PRINCETON — Bureau County's sheriff is joining other sheriffs from around the state who are going to battle against the governor and the Department of Corrections (DOC) over inmate housing regulations related to COVID-19.

Bureau County Sheriff Jim Reed this week told Shaw Media that his office is joining a lawsuit aimed at forcing state prisons to accept inmate transfers, something they're legally required to do, but have suspended due to coronavirus concerns. As of this week, 89 of 102 Illinois sheriffs have signed on to the suit filed by Logan County.

In March, Gov. JB Pritzker issued an executive order suspending transfers into the DOC from county jails.

Early this week, he issued a new executive order allowing for transfers into state prisons, but Reed said that's little more than an empty gesture because the transfers are allowed at the sole discretion of the director of the DOC.

"They set up a bunch of stipulations and protocols that basically make it impossible for us to meet," Reed said.

Right now, Reed says Bureau County is housing 12 inmates waiting for transfer to prison — some of them he says are housed in LaSalle County Jail, a deal which has been in place some time due to crowding issues Bureau County Jail was already dealing with before the COVID outbreak.

"LaSalle County has been housing some of our inmates, so they've had to transport them," Reed said, "I have to thank (Sheriff) Tom Templeton because he's had to try to get out his inmates and ours."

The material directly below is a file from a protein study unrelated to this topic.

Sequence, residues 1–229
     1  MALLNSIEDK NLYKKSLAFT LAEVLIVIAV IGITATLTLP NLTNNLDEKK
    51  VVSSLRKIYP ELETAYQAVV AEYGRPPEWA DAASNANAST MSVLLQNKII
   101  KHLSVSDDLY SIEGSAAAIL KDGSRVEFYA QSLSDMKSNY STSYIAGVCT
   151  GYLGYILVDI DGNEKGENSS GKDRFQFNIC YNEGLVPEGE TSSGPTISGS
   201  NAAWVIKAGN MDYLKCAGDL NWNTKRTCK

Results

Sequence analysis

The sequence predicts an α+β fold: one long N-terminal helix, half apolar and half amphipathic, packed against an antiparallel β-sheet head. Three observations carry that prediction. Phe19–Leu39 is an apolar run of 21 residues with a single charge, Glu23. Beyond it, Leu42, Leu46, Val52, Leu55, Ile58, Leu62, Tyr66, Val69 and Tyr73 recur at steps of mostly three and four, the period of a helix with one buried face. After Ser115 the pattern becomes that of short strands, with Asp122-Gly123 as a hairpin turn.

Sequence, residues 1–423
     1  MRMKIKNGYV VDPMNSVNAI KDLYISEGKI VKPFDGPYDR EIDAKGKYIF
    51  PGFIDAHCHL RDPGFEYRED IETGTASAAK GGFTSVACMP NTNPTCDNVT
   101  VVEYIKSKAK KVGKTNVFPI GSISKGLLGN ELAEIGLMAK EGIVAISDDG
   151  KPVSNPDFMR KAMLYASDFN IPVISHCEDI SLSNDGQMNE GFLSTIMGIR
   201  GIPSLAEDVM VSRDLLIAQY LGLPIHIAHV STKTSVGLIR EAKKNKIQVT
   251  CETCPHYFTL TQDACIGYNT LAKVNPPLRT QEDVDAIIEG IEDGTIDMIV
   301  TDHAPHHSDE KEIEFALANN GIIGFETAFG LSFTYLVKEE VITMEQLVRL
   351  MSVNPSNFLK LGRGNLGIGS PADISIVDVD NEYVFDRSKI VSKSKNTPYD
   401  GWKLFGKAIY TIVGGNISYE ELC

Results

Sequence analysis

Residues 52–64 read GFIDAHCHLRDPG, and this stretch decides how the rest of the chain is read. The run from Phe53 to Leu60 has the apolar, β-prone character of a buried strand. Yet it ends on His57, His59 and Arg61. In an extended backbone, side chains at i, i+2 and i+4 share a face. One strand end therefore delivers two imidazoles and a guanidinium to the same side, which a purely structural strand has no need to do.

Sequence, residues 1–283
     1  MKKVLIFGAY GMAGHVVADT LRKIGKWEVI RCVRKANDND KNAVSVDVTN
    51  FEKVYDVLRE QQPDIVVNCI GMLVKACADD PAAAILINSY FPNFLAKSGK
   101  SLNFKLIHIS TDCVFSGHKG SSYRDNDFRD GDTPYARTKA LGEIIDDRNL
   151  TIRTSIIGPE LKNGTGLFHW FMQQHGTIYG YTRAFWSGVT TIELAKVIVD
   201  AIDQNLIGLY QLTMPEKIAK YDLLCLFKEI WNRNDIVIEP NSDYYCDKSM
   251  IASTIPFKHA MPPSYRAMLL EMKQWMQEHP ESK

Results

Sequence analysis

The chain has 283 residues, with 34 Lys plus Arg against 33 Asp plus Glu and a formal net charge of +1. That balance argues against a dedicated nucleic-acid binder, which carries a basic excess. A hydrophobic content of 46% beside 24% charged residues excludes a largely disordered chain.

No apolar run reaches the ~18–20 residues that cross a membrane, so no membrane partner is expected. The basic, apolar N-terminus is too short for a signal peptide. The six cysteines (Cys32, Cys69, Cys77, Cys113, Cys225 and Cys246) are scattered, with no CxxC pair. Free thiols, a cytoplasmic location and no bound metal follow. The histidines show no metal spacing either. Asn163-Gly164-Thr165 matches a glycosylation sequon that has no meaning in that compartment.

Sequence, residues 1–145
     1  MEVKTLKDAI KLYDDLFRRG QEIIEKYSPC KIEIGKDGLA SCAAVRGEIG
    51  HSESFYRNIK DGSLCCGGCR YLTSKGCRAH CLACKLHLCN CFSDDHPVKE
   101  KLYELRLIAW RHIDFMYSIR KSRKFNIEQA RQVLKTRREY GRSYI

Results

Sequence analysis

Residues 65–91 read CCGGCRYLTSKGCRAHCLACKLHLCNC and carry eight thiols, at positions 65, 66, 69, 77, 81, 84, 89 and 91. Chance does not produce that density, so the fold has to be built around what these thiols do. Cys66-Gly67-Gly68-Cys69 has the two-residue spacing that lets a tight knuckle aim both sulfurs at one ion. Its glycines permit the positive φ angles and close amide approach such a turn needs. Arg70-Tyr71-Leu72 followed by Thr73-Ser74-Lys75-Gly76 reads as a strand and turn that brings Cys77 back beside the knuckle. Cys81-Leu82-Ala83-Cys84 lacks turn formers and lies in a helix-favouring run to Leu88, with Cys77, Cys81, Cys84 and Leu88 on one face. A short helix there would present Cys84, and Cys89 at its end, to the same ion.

Reed said the main issue is that his jail has only a 32-person capacity and it's already a struggle due to the strict classifications. Inmates must be housed in classifications such as under-sentenced vs. waiting for sentencing, misdemeanor vs. felony charges, males vs. females. Adding additional safety protocols for his staff and the inmates is stretching already-thin resources.

"It's not any safer to keep them here," he said. "And it's not our responsibility. The Department of Corrections is required by law to take those prisoners and the governor's orders stopped that."

The order allowing for transfers include requirements for social distancing, temperature checks, quarantine and testing.

In a statement provided by Reed, Illinois Sheriff's Association Executive Director Jim Kaitschuk explains why the organization argues the order allowing transfers is a shallow gesture at best.

"The requirements are difficult for county jails to meet because COVID-19 tests results must have been received within three days before the transfer, and test results often take longer than that. If an inmate has to leave the facility for a test, that restarts the requirement for 14 days of quarantine as well."

Right now, Reed said the sheriffs are attempting to get a temporary injunction that would compel DOC to accept county jail inmates.

"There are sheriffs who have tried to transport to Stateville and have been denied their transfer requests, even after the executive order," he said.

In the meantime, Bureau County, and other counties, are picking up the tab for housing inmates that should be headed to prisons.

"Twelve of our inmates have been held here for several months waiting for transfer," Reed said. "With a 32-person capacity that's a third of our capacity that shouldn't even be here."

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